Admittedly, we’re never usually gluttons for punishment here at PlayStation Universe. We’ve passively dabbled in games of a demanding nature, sure, and even have the scars and not-so-fond memories to show from our time in the Turbo Tunnel from Battletoads in Battlemaniacs. But as far as games that are renowned for their steely tough exterior go, they’re not something that most of us actively seek out. Nevertheless, that long-held notion has been firmly laid to rest with the anticipated release of Bloodborne, developer From Software’s brutally stunning PlayStation 4 exclusive and spiritual successor to both Demon’s Souls and Dark Souls.
Any lingering fears that Bloodborne would dilute its spiritual series’ now-infamous difficulty have been wholly allayed, as the decrepit denizens of Yharnam prove a consistent challenge in even their most menial of forms. Unlucky for most, enemies are decidedly more dynamic this time around, aggressively pursuing your hunter – a mysterious character who awakens following a spate with a malevolent being in a clinic – with more cunning and agility than ever before. It’s immensely easy to become overwhelmed, too, with a seemingly innocuous bout against three or four antagonists, oftentimes resulting in premature death. Not only that, but upon this inevitable demise – a fate you’ll encounter more times than you’ll care to remember – you’ll lose all of your accumulated Blood Echoes, a currency you earn by felling enemies and then subsequently use to upgrade your character’s stats.
As a result, there’s an incredible sense of tension in amidst the pervasive fog of Yharnam’s winding streets; one mistimed step or headstrong moment of indiscretion could prove to be your undoing. It never manages to feel disheartening, mind, and you rarely feel cheated by the game’s mechanics. Instead, it’s a matter of honing your senses, comprehending the game’s robust structure, and tackling it with a clean and focused demeanor. Every time you succumb to the dangers abundant throughout the game, you’ll learn something, and however inconsequential that may seem, it’ll help you on your way to conquering it. Developer From Software stays well away from the hand-holding mechanics used so profusely in most action-adventure titles nowadays and instead imbues you with a sense of belief and confidence in your own intelligence and ability.
Unlike gameplay pursuits of similar ilk that may leave you waiting for that singular moment to strike, Bloodborne readily encourages a far more proactive attack-minded approach from its suitor. So much so in fact that, upon being hit by an enemy, you’ll be able to mitigate a fraction of the anticipated damage inflicted by striking back in a prompt manner. It’s easy to become complacent, however, and feel as though you can engage with more enemies than you can in reality, which is a danger inherent in a gameplay system as progressive as the one housed in Bloodborne. It’s a fine balance, certainly, and it’s something you’ll be acutely aware of before long.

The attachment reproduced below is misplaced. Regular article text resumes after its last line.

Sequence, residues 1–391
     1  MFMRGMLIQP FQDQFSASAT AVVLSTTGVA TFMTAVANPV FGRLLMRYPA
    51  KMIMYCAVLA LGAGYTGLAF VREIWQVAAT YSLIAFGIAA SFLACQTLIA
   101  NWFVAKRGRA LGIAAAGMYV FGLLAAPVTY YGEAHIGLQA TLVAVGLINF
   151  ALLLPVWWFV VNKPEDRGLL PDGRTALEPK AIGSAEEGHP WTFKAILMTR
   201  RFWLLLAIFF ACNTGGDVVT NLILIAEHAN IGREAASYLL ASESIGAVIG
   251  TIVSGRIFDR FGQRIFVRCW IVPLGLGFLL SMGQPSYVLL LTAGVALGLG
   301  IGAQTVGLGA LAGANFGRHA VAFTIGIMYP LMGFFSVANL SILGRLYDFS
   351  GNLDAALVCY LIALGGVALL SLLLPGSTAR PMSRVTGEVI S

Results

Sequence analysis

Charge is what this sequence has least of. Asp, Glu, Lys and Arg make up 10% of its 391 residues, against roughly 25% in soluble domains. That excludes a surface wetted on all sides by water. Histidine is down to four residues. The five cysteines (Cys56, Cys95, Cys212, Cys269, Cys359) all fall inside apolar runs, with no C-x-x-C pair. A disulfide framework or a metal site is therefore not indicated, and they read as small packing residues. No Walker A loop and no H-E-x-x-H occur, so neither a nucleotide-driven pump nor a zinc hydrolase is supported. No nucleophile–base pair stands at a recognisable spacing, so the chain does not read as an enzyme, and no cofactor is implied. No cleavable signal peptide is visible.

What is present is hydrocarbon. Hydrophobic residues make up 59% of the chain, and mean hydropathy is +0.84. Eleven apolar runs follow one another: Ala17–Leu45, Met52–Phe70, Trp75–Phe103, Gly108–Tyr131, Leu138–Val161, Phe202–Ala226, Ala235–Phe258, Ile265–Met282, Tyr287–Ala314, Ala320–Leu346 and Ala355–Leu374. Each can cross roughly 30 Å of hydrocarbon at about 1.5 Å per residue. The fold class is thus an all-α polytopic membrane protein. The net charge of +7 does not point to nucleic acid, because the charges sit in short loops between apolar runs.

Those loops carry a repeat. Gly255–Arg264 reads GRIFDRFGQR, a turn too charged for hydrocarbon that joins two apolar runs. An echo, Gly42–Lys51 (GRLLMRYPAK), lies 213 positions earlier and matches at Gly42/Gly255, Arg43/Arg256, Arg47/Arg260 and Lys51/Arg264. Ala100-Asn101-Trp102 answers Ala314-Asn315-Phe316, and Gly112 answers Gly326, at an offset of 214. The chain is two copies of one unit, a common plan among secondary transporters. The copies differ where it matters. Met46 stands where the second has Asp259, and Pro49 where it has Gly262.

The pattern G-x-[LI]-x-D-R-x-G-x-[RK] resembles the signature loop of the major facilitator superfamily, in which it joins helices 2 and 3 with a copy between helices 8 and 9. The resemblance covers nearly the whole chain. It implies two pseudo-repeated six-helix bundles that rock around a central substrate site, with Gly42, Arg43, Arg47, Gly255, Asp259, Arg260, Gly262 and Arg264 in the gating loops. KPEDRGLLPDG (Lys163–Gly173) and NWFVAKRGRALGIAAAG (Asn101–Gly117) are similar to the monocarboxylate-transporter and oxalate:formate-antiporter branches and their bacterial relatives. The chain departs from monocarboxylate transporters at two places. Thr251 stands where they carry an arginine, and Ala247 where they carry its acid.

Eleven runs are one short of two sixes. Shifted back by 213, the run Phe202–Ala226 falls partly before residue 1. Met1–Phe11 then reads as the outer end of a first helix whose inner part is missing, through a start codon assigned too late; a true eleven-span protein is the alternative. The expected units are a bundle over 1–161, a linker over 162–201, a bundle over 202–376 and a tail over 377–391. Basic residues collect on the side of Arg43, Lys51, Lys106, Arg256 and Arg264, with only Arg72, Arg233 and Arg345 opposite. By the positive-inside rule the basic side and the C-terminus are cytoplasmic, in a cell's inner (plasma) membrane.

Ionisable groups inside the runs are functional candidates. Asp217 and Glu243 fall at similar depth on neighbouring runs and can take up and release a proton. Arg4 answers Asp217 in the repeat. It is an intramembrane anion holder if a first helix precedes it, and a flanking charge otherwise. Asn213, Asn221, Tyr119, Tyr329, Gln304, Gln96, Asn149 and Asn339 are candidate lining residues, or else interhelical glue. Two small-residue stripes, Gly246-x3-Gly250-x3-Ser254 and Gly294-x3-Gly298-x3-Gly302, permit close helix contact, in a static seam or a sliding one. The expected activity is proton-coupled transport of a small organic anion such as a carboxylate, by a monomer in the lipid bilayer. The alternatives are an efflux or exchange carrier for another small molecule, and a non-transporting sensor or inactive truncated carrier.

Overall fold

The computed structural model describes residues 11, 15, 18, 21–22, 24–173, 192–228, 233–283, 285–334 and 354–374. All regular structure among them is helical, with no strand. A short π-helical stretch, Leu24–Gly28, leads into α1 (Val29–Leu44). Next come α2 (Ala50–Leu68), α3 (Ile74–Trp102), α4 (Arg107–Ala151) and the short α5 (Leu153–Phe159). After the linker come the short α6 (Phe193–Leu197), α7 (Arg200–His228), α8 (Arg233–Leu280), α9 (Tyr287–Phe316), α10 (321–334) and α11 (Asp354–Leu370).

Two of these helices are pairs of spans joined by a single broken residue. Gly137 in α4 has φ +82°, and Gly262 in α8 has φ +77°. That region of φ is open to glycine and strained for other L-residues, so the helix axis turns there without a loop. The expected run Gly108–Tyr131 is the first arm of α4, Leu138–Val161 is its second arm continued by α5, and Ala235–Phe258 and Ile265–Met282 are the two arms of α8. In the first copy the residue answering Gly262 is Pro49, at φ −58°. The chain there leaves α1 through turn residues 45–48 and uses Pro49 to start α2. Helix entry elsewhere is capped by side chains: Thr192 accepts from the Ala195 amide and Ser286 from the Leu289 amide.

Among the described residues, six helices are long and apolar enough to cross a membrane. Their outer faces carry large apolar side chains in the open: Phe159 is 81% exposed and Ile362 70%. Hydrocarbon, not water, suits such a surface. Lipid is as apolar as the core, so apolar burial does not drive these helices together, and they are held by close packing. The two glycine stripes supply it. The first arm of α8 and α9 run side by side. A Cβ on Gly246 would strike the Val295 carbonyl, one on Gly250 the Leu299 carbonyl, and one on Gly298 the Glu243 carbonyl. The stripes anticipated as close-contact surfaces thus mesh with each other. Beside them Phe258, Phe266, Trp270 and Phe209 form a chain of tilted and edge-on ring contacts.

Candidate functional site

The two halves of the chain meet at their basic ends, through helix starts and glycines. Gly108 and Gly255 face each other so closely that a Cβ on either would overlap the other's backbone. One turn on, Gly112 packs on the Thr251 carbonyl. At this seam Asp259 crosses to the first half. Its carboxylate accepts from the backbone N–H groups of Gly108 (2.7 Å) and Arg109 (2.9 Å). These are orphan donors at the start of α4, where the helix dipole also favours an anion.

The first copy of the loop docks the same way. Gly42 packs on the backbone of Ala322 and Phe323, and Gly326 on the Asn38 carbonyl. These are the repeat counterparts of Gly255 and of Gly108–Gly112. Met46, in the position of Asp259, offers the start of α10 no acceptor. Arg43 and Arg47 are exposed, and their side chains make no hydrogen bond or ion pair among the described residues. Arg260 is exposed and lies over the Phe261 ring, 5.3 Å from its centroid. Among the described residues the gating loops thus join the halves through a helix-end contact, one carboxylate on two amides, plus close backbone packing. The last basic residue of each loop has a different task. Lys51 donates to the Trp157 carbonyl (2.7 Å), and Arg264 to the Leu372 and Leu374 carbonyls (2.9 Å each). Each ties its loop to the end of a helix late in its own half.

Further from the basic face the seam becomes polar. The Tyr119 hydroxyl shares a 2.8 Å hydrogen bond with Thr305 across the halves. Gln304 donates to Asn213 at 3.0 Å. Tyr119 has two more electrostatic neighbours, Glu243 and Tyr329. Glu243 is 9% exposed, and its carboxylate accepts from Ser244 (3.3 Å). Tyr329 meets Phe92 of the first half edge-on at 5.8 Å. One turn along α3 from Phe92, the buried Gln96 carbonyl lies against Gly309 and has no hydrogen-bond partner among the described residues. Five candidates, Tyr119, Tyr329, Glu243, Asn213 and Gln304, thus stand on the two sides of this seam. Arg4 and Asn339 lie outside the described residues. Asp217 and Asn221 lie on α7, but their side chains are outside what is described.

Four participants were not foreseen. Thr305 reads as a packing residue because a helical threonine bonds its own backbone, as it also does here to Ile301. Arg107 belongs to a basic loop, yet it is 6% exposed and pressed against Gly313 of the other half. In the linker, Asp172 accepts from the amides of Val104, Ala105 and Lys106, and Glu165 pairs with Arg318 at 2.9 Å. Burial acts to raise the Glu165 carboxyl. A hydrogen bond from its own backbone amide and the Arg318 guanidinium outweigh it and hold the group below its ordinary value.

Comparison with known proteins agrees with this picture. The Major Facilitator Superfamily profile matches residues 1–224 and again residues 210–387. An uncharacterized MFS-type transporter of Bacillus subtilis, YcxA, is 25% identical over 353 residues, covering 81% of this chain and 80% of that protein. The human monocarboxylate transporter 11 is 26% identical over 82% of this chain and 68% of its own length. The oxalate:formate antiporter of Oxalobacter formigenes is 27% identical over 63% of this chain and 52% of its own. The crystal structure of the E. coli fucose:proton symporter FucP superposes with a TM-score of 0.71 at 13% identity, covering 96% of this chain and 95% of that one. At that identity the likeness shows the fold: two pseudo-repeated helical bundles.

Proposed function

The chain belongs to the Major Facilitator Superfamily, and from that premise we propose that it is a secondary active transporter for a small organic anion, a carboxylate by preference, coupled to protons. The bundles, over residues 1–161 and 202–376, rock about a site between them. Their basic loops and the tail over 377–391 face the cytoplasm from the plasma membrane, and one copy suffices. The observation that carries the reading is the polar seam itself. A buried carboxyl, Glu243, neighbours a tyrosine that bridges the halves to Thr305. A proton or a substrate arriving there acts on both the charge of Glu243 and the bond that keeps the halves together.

As is to be expected, timing and patience are once again intrinsic components in this combat symphony-of-sorts, waiting for your enemies’ patterns to reveal themselves before you plan your attack. And now with the introduction of kickback firearms and torches to complement the new transformative weaponry, the game’s two-handed combat is more fluid and intuitive than the genre has seen previously. With a quick swipe of L1, your right-handed weapon will transform both its form and subsequently the battle at hand; exacting the change in the middle of a combo can prove devastating to foes in its vicinity, too. It’s all brilliantly seamless for the most part, with the only concern stemming from when you become overwrought with an oncoming assault and are unable to pull off attacks coherently.
The crux of Bloodborne’s upgrade system lies within a hub-type mystic plane entitled Hunter’s Dream. In this plateau, your hunter can purchase and sell items (more stock becomes available as you progress), upgrade the hunter’s basic stats with expendable Blood Echoes through a mysterious porcelain-like conduit named The Doll, or fortify the weaponry accumulated throughout the game with the use of Bloodstone Shards, a rare item forged in ‘coldblood’ that you’ll find dotted around various areas as well as in particular encounters. Access to Hunter’s Dream is made possible through the use of lantern checkpoints – think Demon’s Souls’ system – that are found in short supply within the land. Their scarcity compounds the tension found within every foothold of Yharnam’s cobbled streets and perhaps most commendably goes an immeasurable distance in preserving a consistent and cohesive game world that’s not disconnected in any way or form. It always allows for the game’s level design to soar, creating shortcuts, neat districts, and other little avenues to be found in the interconnected space between each lantern. So masterful is the design that you’ll be second-guessing yourself as to whether or not a potential excursion to some available stretch of terrain will be worth it in fear of not being able to safeguard from a potential – and indeed inevitable – death with that of a lantern. It’s that sort of organic tension, the fear of what you can’t actually see or anticipate, that makes Bloodborne peerless in many respects.